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Apple's EULA, as pictured here in Windows XP says you can't install Safari on non-Apple hardware, meaning that Apple has just massively violated its own EULA.  (Source: DailyTech)
Safari for Windows is having some serious issues that deserve a second look.

Fueled by Safari's release on Windows last June and strong Mac sales, Apple's Safari browser has been making modest inroads in the browser marketshare competition, moving up from around 4.6 percent around 5.7 percent between April 2007 and February 2008, according to Net Applications.  It even was able to best the Acid3 test, showing off its compatibility prowess.

However  Safari has run into some troubles.  Apple made the dubious decision of trying to coerce iTune's 500 million users into installing Safari along with the normal iTunes update, via a pesky dialog, which comes with the install Safari option checked by default.  Mozilla blasted Apple for this tactic, saying it "borders on malware distribution practices". 

Now someone has humorously pointed out that in its promotional zealousness, Apple appears to have unintentionally encouraged massive violation of and made a mockery of its own End User License Agreement (EULA) for Safari.  EULAs are supposed to set clear legal guidelines for terms of use and help consumers know what they can and cannot do (i.e. you cannot install this software on everyone in your neighborhood's computers).  Apple's EULA states that Safari can be installed on "
a single Apple-labeled computer at a time", forbidding non-Apple-marked hardware Windows machines, and the updater itself states that "Use of this software is subject to the original Software License Agreement(s) that accompanied the software being updated."

So apparently Apple has succeeded in massively violating its own EULA, a possible first of this scale, depending on the number of accidental or intentional Safari downloads.  Lawyers point out that concerned citizens need not fear about legal action from Apple.  Jonathan Kramer, a tech attorney who runs Kramer Telecom Law Firm states, "We call this an impossibility issue, you can't enforce a term that's impossible."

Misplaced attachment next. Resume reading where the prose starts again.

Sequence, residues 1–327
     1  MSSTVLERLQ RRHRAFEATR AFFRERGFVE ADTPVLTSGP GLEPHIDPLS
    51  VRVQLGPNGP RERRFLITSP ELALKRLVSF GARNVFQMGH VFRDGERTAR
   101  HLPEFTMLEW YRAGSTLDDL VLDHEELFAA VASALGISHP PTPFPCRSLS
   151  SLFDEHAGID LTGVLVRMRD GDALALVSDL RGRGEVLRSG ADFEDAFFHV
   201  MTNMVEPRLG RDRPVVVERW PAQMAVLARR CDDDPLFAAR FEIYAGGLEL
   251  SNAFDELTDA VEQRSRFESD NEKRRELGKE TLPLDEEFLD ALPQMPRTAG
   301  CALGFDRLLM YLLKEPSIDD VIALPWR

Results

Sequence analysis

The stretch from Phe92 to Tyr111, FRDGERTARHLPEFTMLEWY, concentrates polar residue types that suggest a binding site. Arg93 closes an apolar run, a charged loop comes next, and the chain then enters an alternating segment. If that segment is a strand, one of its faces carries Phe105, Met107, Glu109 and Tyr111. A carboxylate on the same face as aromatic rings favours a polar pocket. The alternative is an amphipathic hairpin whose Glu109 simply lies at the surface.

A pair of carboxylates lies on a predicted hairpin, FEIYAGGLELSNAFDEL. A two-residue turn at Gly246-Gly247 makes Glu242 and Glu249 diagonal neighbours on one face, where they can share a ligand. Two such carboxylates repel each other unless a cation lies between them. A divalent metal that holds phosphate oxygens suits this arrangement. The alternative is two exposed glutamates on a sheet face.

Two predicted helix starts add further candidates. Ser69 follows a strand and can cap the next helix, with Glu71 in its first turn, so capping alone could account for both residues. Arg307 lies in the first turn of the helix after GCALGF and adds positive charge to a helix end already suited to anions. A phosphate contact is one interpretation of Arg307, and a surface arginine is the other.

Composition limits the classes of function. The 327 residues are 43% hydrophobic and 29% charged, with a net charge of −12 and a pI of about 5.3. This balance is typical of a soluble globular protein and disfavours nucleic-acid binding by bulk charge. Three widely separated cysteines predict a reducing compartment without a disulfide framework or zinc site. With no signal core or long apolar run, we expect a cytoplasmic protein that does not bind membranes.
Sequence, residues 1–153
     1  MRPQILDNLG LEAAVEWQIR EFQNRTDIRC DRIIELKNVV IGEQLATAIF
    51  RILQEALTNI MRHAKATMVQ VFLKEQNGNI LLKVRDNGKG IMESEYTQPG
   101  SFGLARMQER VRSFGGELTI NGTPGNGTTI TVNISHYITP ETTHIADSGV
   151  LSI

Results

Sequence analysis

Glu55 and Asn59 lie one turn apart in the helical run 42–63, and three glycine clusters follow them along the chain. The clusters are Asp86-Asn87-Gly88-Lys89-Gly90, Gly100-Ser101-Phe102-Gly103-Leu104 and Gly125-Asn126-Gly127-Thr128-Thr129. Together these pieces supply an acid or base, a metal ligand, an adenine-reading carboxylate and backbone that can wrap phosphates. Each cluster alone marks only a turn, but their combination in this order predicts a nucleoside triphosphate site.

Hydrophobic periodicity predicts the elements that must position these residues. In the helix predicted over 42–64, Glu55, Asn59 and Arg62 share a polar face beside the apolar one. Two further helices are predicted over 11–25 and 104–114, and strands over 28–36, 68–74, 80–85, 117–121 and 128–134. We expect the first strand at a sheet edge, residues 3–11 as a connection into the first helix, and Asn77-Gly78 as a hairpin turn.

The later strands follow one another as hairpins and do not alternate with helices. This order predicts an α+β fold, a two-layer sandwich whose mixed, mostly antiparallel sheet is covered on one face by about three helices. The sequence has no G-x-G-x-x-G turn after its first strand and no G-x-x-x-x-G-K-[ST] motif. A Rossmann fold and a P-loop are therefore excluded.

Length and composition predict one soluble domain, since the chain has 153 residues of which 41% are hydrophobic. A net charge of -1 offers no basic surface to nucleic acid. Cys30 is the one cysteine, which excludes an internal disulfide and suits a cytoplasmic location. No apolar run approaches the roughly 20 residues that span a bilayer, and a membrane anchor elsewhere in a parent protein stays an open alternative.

Amidst this embarassing debacle, new reports are coming in that Safari is faring rather poorly on Windows XP, with many users experiencing crashes.  Windows XP users who felt smug about Windows Vista bugs, may find an unexpected new source of problems-- Apple.  Apple's support forum is being flooded by angry posters complaining that their XP version of the Safari browser is broken.  Says SakJosep, one such poster, "When I try to start Safari 3.1 in Windows XP, it crashes right away."

OllieK92 echoes the previous posters sentiments, stating, "I have this problem too, I have no idea what it is."

Some users are reporting that the browser simply will not open.  The thread on the problems has received over 1,000 views well before receiving much media coverage, making it clear that the problem may be afflicting many users.  There have also been scattered reports of Safari not running on Vista, though XP has received many more such reports.  Of the Vista problems, most posters said the previous versions worked properly, but that the update to the current version, 3.1 broke the browser.

Ironically, the new version of Safari-- 3.1-- had mostly received glowing reviews.  Many reviewers lauded its better speed, security, search tools, and improved support of HTML standards.  However all is not sunny in Cupertino as it appears that Apple may be in for some more criticism amid poorly though out attempts to leverage its iTunes user base as a means of pushing the browser, and from some pesky bugs that have cropped up.

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Mud in Apple's face...
By cscpianoman on 3/27/2008 2:46:34 PM , Rating: 2
For the past few years we have heard nothing, but great praise for Apple, and in many respects it is well deserved. You cannot fault Apple for one of the most successful products ever, obviously the iPod. It has almost gotten to the point that it would appear nothing would stop Apple. Well, there is one thing, arrogance. Touting you are the best and you can do no wrong is going to cause a shortage of quality control, as we can see with Safari, and further coming under the scrutiny of those who don't buy the infallibility. I'm sure hackers, virus writers and whoever are now working at proving Apple as a secure system or not-so-secure system. Yeah, this stuff seems obvious, but I also can't stand a company that touts themselves as the perfect company.

The interesting thing about this is not matter how small the mistake Apple now makes the more it is going to be blown out of proportion and their stock will reflect that. Take a look at what happened to Apple's stock immediately after the release of the Apple Air for a perfect example of that.

RE: Mud in Apple's face...
By robinthakur on 4/2/2008 11:20:57 AM , Rating: 2
I think that's a bit of a thick causality argument really. The stock price discounts widespread misery and expectations of future misery in the US economy amaongst other things which Investors care about. People bought the stock on rumour of the air then sold once it was revealed to make a profit. Simple as. Investors like companies which frequently issue RNS's (news), Investors aren't that concerned if the macbook air lacks that gigabit ethernet port, unless that is, it fails to sell. This has so far not been the case, at least here in London there are queues of people every day when the Apple shop opens of neophytes looking for the elusive Air.

"Paying an extra $500 for a computer in this environment -- same piece of hardware -- paying $500 more to get a logo on it? I think that's a more challenging proposition for the average person than it used to be." -- Steve Ballmer

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